“Seller’s right to cancel” controls when buyers fail to obtain financing

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In a recent decision by the California Court of Appeal, the Court confirmed that auto dealers cannot withhold a customer’s down payment after a sale is unwound as a result of the inability to secure financing, and that the DMV has authority to discipline a dealer for doing so, including suspension or revocation of the dealer’s license. In Front Line Motor Cars v. Kathleen K. Webb (2019) 247 Cal.Rptr.3d 32, the Court considered two separate consumer transactions where the customers purchased vehicles pursuant to a retail installment sale contract, paid a down payment prior to delivery, with the balance to be financed. In both transactions, the dealership was unable to assign the contract to a lender and ultimately repossessed the vehicle. Following the repossessions, the dealership refused to refund the down payments, claiming that the buyers were in breach of the contract. Both customers filed complaints with the DMV. Following an investigation, the DMV instructed the dealership to refund the down payments, but the dealership refused asserting that under the Rees-Levering Motor Vehicle Sales and Finance Act (Civil Code § 2981, et seq.) (hereinafter referred to as the “Act”) it was not required to refund the down payment, and that the DMV lacked the power to sanction the dealer. The DMV then brought a disciplinary action against the dealership. At the hearing, the administrative law judge ordered that the dealer’s license be conditionally revoked for two years, and the dealer appealed the decision.

On appeal, the Fourth Appellate District focused on the alleged violation of Civil Code § 2982.5. Specifically, subdivisions (b) and (d) of Section 2982.5 apply to seller-assisted loans and establish an exemption if certain specified conditions are met. Among these conditions is the requirement that if the buyer is not approved for a loan on the terms stated in the conditional sale contract, then the conditional sale contract shall be deemed rescinded and all consideration thereupon shall be returned by the respective parties without demand. The gist of the DMV’s accusation was simply that the dealership failed to return the buyer’s down payment after the buyer was unable to obtain financing.

According to the Court of Appeal, “implicit in a bona fide credit sale is (1) the buyer’s intent to purchase the property and pay contractually required installments; and (2) the seller’s intent to sell the property in a binding contract, but—if financing is denied—to rescind the contract and return the buyer’s down payment as provided in the contract.” Front Line Motor Cars v. Kathleen K. Webb (2019) 247 Cal.Rptr.3d 32, 44. The Court found that the overwhelming weight of the evidence was that the dealership intended to be bound to the contracts only if it was able to assign the contracts to a finance company and, if unable to do so, to reclaim the vehicle without restoring the buyer’s down payment. Intent is a factual question elevating substance over form and taking into account all the circumstances, and that this dealer’s intent must be viewed in light of (1) its conduct of repossessing used cars and reselling them while keeping the prior buyers’ down payments—a behavioral pattern which recurred in a significant portion of its sales requiring the buyer’s deferred down payment; (2) its failure to abide by the contractual provision governing the seller’s right to cancel, which required the seller to refund the buyer’s consideration; (3) its challenging the buyers to sue it in court; (4) the dealer’s sophistication resulting from 14 years of prior employment in the automobile sale finance industry; and (5) the dealer’s presumption that it could act without impunity under the Act. The Court found these circumstances show the dealer intended to enter into a binding contract only if and when the condition of financing was met, and consequently, under these particular facts, the transactions involved attempted seller-assisted loans. The Court also found that the dealership failed to establish a default by the customers under the terms of the contract; “they simply failed to qualify for the loan, not an event of default under the contracts.” Front Line Motor Cars v. Kathleen K. Webb (2019) 247 Cal.Rptr.3d 32, 46.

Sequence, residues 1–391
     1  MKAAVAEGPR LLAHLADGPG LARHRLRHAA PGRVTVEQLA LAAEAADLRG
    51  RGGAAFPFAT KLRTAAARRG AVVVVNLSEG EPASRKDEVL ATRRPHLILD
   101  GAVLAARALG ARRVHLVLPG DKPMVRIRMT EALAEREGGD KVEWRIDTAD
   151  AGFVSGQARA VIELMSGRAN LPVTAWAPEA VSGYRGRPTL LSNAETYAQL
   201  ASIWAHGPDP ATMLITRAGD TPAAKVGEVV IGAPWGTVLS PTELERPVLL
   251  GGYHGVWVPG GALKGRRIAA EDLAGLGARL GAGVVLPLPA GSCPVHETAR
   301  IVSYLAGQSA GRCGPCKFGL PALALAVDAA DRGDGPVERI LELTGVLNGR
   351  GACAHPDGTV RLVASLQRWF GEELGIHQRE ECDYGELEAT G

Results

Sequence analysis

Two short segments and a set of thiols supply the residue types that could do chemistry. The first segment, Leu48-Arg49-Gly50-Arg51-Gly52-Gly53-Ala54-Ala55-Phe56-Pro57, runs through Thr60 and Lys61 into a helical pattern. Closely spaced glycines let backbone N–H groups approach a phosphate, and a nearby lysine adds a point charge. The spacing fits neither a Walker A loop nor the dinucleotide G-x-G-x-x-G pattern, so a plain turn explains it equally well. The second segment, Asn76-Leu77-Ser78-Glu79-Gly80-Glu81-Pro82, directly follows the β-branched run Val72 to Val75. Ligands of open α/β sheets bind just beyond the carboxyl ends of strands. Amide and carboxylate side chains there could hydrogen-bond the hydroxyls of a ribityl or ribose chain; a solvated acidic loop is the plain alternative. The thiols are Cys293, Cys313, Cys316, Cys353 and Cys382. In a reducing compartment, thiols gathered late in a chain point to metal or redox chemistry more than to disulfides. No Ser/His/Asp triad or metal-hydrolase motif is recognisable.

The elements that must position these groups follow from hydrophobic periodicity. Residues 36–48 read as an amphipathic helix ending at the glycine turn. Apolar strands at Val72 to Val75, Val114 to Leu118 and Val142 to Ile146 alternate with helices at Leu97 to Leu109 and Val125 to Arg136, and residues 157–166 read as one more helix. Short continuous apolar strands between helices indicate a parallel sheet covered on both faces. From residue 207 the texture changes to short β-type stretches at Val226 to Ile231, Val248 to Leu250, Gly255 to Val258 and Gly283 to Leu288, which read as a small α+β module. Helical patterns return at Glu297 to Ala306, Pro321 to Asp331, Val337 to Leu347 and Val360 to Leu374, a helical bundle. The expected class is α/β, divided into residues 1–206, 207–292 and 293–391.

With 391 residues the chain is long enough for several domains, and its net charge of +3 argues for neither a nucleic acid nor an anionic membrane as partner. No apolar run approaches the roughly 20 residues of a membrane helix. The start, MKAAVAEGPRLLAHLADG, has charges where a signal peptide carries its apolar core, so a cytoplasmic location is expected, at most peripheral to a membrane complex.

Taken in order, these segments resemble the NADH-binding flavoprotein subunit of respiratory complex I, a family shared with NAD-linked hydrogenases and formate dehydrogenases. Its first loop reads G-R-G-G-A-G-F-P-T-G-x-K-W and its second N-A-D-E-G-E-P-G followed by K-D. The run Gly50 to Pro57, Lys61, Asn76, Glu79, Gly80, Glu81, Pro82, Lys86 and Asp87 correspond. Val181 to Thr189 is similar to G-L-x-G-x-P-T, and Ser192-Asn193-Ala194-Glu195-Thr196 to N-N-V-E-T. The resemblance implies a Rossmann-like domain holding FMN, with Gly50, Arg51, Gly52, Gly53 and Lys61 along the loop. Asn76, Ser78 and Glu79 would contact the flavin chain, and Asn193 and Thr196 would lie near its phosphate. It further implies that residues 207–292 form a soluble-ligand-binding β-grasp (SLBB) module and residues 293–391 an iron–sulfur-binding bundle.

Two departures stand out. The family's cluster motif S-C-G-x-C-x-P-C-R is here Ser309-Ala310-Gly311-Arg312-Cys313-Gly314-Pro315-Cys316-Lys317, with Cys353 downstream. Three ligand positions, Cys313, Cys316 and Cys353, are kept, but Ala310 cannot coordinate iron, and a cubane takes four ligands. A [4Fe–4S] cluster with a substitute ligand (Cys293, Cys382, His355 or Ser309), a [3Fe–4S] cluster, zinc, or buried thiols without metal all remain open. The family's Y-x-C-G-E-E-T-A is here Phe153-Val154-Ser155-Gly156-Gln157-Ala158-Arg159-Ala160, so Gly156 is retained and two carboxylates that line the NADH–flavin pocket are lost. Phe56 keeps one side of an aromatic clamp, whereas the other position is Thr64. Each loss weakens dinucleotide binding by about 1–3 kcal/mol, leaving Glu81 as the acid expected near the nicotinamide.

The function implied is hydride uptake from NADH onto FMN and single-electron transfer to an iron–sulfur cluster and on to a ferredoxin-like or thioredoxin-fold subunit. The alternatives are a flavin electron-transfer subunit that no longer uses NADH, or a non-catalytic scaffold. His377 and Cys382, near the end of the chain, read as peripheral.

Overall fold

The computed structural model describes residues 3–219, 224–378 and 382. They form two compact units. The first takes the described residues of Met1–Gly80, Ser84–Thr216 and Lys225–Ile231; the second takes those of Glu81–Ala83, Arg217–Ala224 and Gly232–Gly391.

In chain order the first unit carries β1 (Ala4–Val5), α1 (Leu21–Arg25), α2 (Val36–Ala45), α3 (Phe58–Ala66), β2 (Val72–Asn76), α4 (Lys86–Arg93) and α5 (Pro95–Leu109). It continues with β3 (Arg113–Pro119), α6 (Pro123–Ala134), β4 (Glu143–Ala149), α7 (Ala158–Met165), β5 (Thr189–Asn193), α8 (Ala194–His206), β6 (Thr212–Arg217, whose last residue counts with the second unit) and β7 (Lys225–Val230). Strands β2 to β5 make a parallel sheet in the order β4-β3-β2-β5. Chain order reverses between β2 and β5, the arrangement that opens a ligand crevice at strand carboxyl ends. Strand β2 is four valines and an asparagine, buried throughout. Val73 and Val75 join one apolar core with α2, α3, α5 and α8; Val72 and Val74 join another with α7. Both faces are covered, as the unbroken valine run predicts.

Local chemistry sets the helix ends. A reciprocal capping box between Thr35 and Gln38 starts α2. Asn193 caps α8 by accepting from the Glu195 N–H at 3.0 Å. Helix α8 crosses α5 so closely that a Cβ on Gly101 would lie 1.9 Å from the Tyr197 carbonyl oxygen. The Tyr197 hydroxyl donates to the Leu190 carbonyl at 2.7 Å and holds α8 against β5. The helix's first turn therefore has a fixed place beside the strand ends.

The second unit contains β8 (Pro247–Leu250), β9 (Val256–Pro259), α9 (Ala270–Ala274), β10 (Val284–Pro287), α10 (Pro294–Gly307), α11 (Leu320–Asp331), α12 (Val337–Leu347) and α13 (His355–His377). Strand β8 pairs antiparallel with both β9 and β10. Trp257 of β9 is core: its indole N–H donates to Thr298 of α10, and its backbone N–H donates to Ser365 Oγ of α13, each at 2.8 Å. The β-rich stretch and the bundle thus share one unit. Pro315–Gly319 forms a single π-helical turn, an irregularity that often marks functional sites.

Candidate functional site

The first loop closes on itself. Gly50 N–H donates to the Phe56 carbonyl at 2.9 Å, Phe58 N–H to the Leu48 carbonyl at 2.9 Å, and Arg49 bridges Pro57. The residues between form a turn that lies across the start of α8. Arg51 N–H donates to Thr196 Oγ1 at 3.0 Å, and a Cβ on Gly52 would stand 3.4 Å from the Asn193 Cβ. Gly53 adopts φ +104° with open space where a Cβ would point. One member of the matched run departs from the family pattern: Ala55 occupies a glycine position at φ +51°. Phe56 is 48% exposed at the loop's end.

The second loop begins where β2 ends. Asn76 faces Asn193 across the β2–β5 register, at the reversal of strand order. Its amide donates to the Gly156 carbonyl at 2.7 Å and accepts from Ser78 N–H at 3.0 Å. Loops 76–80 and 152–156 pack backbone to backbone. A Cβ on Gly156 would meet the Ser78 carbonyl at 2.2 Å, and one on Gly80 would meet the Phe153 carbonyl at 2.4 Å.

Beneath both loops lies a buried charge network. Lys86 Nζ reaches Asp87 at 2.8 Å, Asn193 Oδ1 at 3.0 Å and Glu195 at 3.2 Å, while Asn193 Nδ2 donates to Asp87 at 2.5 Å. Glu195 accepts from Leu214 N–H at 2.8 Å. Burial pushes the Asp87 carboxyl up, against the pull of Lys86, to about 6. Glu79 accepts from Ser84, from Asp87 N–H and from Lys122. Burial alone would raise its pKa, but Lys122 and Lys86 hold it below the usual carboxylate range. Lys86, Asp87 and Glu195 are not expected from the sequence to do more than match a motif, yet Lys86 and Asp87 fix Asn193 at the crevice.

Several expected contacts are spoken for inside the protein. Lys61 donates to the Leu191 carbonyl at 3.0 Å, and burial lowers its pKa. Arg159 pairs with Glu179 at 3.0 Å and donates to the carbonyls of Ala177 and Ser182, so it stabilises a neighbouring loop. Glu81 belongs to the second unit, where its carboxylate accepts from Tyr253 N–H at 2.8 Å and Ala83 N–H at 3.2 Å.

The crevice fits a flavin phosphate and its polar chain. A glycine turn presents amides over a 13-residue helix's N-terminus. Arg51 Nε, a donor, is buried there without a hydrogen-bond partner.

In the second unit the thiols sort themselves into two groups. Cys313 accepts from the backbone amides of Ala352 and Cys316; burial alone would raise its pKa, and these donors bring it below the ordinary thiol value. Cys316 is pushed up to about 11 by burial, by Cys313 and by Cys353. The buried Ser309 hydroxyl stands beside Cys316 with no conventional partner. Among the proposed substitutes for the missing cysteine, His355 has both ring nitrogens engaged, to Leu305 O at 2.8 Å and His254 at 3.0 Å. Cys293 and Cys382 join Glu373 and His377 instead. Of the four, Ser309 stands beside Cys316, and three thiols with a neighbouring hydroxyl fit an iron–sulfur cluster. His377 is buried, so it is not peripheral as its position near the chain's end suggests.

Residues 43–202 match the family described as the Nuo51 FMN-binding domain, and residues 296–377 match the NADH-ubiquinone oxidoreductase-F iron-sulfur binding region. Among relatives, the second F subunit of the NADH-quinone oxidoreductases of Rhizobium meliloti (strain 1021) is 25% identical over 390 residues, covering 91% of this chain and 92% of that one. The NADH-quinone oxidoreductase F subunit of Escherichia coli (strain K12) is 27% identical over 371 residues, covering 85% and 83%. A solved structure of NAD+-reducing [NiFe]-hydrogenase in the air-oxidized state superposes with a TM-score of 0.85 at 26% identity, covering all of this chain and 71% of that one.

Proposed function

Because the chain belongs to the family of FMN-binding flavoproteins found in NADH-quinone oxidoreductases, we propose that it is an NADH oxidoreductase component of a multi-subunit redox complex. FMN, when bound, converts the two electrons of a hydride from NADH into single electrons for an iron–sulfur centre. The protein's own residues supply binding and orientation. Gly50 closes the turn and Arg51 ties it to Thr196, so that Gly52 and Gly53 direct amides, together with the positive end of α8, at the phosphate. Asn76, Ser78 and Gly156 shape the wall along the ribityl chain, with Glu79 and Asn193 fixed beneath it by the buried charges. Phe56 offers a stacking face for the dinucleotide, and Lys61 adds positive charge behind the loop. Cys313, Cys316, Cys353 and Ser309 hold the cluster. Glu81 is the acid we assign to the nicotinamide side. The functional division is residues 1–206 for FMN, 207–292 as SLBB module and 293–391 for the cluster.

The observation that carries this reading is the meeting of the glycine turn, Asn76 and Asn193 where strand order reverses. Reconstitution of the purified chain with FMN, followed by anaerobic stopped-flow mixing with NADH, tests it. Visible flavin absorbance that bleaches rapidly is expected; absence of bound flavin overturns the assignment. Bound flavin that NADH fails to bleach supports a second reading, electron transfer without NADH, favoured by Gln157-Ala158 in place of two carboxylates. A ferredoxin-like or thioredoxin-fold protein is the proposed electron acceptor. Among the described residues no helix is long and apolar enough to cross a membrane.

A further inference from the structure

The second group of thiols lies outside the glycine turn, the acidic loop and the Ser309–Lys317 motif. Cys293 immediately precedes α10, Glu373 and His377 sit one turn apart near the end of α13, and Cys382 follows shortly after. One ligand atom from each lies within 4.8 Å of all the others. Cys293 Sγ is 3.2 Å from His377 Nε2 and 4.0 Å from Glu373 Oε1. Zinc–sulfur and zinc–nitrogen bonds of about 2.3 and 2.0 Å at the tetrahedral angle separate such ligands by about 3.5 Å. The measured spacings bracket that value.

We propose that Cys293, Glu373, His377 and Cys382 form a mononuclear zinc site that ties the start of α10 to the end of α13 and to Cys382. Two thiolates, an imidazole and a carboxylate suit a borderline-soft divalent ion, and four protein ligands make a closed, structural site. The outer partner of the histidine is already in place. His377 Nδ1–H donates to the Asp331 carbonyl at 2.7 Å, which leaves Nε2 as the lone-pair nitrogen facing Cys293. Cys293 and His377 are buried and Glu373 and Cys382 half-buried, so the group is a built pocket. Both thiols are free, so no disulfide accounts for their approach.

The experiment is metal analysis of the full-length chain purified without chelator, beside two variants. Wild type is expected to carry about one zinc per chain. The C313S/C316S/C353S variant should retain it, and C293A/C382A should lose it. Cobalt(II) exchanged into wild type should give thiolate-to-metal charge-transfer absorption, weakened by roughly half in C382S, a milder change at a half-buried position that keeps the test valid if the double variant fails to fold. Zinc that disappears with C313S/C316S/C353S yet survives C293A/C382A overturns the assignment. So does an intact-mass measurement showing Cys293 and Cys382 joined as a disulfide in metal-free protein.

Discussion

The essential contractual provision at issue was the “Seller’s Right to Cancel,” and the dealership did not exercise its rights under that provision. That provision is the only contractual remedy available upon a failure to obtain financing, and the exercise of that remedy plainly required Dealer to return the down payments when financing failed. In other words, “if Dealer considered itself bound by each contract upon the document’s execution by the parties, Dealer’s only remedy when it discovered its inability to assign the contract was to cancel the contract pursuant to the seller’s right to cancel provision.” Front Line Motor Cars v. Kathleen K. Webb (2019) 247 Cal.Rptr.3d 32, 47 (emphasis in original). Accordingly, the Court concluded the dealership violated Civil Code § 2982.5(d) and therefore the DMV properly exercised its authority to sanction it.

This decision serves as an important reminder to dealers that: (1) they are bound by the terms of retail installment sale contracts and the remedies provided therein; (2) it is unlawful to retain a buyer’s down payment after a sale is unwound as a result of an inability to secure financing; and (3) the DMV has authority to discipline dealers for violating Civil Code § 2982.5.